BTW CPound with an attitude like that you wouldn't make it through the first round of interviews at my company. 



  • @CPound said:

    @element[0] said:

    Also Cpound, i don't have a bullring, but i do have four piercings in my face, but then again most of the programmers i know have at least one piercing

    You sound like one scary looking "dude". So do your friends. 

     This statement also reveals something about you.  You are scared of people with piercings for no other reason than your own prejudiced perceptions.  This makes you seem pretty pathetic.  I feel sorry for you.  You obviously live in some sad little fantasy world where you are somehow better than other people because you wear a suit, get over your self and stop embarasing your self by posting such ridiculous comments.

     
    You sound like one conservative looking "dickhead".  So do your friends.
     



  • @CPound said:

    @element[0] said:

    Also Cpound, i don't have a bullring, but i do have four piercings in my face, but then again most of the programmers i know have at least one piercing

    You sound like one scary looking "dude". So do your friends. 

    Gee personal attacks on someone, how adult of you.

    @CPound said:

     

    @element[0] said:

    Also piercings only make people look "menacing"  to bigots like you

    That's why I won't hire any of them. I don't want to fear for my life in the parking lot just because I gave one of my employees a task they didn't like.

    Why hire someone who has the potential to physically assault you? The piercings speak for themselves. They say, "I tolerate pain. Do you?"

    My 12 your old niece must be a total craze then, she even got two.

    But i seem to remember she just thought they looked pretty, but i'm sure the whole "i tolerate pain. Do you?" must have weighted heavy for her too. 



  • @CPound said:

    @element[0] said:

    Also piercings only make people look "menacing"  to bigots like you

    That's why I won't hire any of them. I don't want to fear for my life in the parking lot just because I gave one of my employees a task they didn't like.

    Why hire someone who has the potential to physically assault you? The piercings speak for themselves. They say, "I tolerate pain. Do you?"

    DUUUDE.

    Are you saying these things on purpose? Because you're on the internetz and ethical boundaries blur a little? Will you just stop being that guy? Please? For the sake of your mental health. You're an articulate, at least reasonably intelligent person. Irrational fears like that will drag you down.

    hug



  • @CPound said:

    Why hire someone who has the potential to physically assault you? The piercings speak for themselves. They say, "I tolerate pain. Do you?"

    Whoa...

    You're completely out of your mind, because someone has piercings or tatoos doesn't mean he's going to physically assault you... (some of the sweetest persons I know do happen to have quite many piercings), nor do they say "I tolerate pain, do you?" out of your little bible-belt-mentality fantasy world. I have tatoos (invisible under pants + shirts, but I still have them) and i sure as hell didn't get them to tell other people "I tolerate pain", I got them for aesthetics and personal reasons, and most of the people who got piercings or tatoos are the same. Or they got them when they were drunk and it sounded cool, but that's an other issue.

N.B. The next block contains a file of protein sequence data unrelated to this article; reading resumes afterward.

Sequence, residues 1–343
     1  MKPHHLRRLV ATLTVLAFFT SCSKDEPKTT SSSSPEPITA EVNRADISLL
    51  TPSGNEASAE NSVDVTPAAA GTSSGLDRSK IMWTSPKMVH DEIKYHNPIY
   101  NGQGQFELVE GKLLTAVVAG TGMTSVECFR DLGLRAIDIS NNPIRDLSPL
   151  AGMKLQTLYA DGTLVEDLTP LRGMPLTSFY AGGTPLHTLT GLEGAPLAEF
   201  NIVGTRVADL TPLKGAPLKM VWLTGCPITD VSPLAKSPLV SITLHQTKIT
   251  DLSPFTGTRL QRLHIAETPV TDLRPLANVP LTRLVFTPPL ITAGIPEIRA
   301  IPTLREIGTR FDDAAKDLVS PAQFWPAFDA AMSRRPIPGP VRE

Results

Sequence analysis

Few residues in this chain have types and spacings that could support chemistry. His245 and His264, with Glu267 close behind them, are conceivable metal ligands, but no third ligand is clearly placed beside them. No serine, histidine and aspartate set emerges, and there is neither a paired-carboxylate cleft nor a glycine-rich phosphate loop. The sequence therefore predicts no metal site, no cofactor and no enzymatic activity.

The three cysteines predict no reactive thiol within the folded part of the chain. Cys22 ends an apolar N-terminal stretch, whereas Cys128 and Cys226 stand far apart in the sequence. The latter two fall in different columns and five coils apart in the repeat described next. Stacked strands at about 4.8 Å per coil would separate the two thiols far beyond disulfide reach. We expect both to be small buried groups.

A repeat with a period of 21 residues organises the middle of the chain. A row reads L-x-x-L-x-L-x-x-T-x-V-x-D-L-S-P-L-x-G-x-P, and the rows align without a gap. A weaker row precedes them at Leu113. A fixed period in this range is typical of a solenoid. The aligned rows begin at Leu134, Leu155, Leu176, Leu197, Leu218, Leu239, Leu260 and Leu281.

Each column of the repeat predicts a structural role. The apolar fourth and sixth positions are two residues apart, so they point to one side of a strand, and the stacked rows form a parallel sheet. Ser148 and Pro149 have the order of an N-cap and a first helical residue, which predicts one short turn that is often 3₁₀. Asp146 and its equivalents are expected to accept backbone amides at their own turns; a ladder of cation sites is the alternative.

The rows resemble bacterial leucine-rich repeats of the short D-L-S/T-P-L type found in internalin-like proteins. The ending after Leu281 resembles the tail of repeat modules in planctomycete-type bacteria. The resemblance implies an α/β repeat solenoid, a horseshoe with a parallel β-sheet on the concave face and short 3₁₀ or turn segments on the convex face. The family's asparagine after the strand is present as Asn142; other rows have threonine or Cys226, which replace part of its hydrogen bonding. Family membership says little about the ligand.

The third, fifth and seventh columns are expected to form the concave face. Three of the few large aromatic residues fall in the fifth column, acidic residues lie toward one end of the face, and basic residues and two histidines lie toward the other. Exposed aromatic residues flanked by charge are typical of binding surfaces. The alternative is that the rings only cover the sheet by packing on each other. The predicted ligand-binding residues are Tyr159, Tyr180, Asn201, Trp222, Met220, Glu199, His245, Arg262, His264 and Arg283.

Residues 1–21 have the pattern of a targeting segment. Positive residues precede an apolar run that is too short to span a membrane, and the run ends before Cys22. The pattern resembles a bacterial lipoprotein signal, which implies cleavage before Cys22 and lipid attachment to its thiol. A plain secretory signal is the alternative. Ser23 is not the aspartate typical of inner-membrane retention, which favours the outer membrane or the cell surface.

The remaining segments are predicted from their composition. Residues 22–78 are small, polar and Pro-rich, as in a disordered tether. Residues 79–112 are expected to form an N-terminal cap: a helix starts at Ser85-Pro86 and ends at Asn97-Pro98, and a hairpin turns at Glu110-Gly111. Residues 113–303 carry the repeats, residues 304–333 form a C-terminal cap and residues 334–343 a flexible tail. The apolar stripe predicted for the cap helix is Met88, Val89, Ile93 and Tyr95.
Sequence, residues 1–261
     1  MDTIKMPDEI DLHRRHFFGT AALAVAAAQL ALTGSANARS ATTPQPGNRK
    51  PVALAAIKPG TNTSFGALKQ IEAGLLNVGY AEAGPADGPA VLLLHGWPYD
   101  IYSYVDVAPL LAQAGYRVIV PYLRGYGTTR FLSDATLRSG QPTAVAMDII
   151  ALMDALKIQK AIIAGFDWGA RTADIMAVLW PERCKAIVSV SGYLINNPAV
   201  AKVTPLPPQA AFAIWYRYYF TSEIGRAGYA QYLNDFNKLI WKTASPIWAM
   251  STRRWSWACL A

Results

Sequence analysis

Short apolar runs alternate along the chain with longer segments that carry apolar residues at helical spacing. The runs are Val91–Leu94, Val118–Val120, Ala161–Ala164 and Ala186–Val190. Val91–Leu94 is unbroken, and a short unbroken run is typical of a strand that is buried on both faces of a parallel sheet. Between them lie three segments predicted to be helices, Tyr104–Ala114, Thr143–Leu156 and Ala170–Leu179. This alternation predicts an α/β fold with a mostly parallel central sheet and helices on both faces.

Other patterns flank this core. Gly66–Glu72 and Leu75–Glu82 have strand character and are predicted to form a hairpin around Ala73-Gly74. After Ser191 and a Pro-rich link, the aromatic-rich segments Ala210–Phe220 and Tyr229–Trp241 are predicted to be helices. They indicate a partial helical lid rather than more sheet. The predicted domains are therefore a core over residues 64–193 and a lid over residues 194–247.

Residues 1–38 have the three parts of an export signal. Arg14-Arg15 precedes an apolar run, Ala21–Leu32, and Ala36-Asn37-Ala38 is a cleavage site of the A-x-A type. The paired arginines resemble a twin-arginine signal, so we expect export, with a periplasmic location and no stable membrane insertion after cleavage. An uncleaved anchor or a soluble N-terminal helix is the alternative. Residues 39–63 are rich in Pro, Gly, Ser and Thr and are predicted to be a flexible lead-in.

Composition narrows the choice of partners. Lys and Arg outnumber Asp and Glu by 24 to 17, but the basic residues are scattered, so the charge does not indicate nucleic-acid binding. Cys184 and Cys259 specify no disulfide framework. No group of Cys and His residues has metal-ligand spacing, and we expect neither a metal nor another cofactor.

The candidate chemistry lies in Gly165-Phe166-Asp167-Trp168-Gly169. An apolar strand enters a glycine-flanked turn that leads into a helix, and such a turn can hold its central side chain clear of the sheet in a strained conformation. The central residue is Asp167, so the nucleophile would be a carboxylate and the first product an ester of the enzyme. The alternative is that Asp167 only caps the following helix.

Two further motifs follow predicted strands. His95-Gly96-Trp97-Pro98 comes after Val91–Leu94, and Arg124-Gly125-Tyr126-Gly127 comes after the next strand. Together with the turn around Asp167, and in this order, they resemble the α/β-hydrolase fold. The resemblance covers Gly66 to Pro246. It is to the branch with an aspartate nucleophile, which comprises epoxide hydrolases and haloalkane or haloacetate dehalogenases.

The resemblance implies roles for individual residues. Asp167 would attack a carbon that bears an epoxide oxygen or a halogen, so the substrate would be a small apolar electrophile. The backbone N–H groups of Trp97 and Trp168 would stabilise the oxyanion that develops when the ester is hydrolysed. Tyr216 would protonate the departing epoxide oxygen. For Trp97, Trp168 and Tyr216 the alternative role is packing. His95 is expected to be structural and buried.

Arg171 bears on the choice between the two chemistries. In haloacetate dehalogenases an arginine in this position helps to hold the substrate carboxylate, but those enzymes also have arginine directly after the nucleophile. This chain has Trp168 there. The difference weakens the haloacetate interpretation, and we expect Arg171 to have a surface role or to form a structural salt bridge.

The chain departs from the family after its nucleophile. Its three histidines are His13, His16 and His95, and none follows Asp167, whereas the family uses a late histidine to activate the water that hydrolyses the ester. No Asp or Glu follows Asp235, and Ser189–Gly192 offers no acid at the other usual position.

Seriously, you're completely out of what. Enjoy your semi-managerial suit&tie though.



  • @masklinn said:

    I have tatoos and i sure as hell didn't get them to tell other people "I tolerate pain"

    What about that tattoo that says "I tolerate pain"?



  • 				<blockquote><div><img src="http://forums.thedailywtf.com/Themes/default/images/icon-quote.gif"> <strong>CPound:</strong></div><div><blockquote><div><img src="http://forums.thedailywtf.com/Themes/default/images/icon-quote.gif"> <strong>element[0]:</strong></div><div>Also
    

    Cpound, i don't have a bullring, but i do have four piercings in my
    face, but then again most of the programmers i know have at least one
    piercing

    You sound like one scary looking "dude". So do your friends. 

    Gee personal attacks on someone, how adult of you.

     

    When it comes down to "personal attacks" and "adult", try reading some of the posts in response to CPound (who I dont particularly agree with, btw), like:

    Well if it saves me from having to work for a dick like you then i guess it does.

    or 

    Perhaps if you could actually use your brain a little bit

    Now that IS adult, is it?

    Seconldy, i DO think (and hope) that CPound was being sarcastic. He seems intelligent enough to me to be one to try some sarcasm now and then. This time it seems not to have worked out...

    Anyway, I, myself, usually wear a suit for an interview, however, i wouldn't ever send someone away because he isn't wearing one. I also dont think that people should "have to wear suits now so that when harder times come, they'll still be hireable", because if those times come, and they desperately don't want to wear a suit to their interviews, and they don't get any more jobs, and subsequently starve, they learned it the hard way. I also trust, however, that they aren't going to starve and will still get a job, even without a suit...